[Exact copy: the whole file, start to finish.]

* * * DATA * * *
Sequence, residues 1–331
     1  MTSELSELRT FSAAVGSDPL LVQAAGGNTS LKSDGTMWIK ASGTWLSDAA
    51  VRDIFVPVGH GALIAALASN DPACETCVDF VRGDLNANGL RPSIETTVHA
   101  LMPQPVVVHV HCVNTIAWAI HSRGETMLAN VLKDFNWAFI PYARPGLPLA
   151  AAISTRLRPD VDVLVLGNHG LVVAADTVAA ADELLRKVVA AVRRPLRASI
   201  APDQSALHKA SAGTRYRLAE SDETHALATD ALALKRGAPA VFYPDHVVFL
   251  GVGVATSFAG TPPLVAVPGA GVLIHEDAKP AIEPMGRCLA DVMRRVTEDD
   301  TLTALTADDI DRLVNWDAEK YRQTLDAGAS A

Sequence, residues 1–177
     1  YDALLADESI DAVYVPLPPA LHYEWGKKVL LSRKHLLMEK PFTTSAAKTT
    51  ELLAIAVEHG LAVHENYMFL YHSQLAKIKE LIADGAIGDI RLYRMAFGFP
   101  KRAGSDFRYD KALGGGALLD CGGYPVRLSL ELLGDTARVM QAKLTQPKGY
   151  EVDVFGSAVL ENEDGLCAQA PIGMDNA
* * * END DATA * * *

Sequence, residues 1–331
     1  MTSELSELRT FSAAVGSDPL LVQAAGGNTS LKSDGTMWIK ASGTWLSDAA
    51  VRDIFVPVGH GALIAALASN DPACETCVDF VRGDLNANGL RPSIETTVHA
   101  LMPQPVVVHV HCVNTIAWAI HSRGETMLAN VLKDFNWAFI PYARPGLPLA
   151  AAISTRLRPD VDVLVLGNHG LVVAADTVAA ADELLRKVVA AVRRPLRASI
   201  APDQSALHKA SAGTRYRLAE SDETHALATD ALALKRGAPA VFYPDHVVFL
   251  GVGVATSFAG TPPLVAVPGA GVLIHEDAKP AIEPMGRCLA DVMRRVTEDD
   301  TLTALTADDI DRLVNWDAEK YRQTLDAGAS A

Sequence, residues 1–177
     1  YDALLADESI DAVYVPLPPA LHYEWGKKVL LSRKHLLMEK PFTTSAAKTT
    51  ELLAIAVEHG LAVHENYMFL YHSQLAKIKE LIADGAIGDI RLYRMAFGFP
   101  KRAGSDFRYD KALGGGALLD CGGYPVRLSL ELLGDTARVM QAKLTQPKGY
   151  EVDVFGSAVL ENEDGLCAQA PIGMDNA